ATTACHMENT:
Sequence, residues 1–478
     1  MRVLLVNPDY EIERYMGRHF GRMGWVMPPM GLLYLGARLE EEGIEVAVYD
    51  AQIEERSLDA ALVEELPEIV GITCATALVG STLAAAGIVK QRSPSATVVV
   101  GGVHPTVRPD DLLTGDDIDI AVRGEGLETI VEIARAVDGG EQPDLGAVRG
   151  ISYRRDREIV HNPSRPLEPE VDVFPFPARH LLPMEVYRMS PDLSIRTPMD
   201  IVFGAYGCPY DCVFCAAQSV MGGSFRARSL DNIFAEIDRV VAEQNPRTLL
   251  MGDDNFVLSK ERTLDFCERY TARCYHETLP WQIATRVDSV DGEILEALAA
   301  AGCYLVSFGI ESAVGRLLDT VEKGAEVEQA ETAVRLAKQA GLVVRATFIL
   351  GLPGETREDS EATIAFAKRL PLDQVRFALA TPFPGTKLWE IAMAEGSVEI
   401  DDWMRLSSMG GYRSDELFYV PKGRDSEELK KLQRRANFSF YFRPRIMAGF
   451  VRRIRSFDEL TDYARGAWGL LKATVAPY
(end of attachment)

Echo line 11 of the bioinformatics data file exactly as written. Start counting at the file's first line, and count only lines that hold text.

   451  VRRIRSFDEL TDYARGAWGL LKATVAPY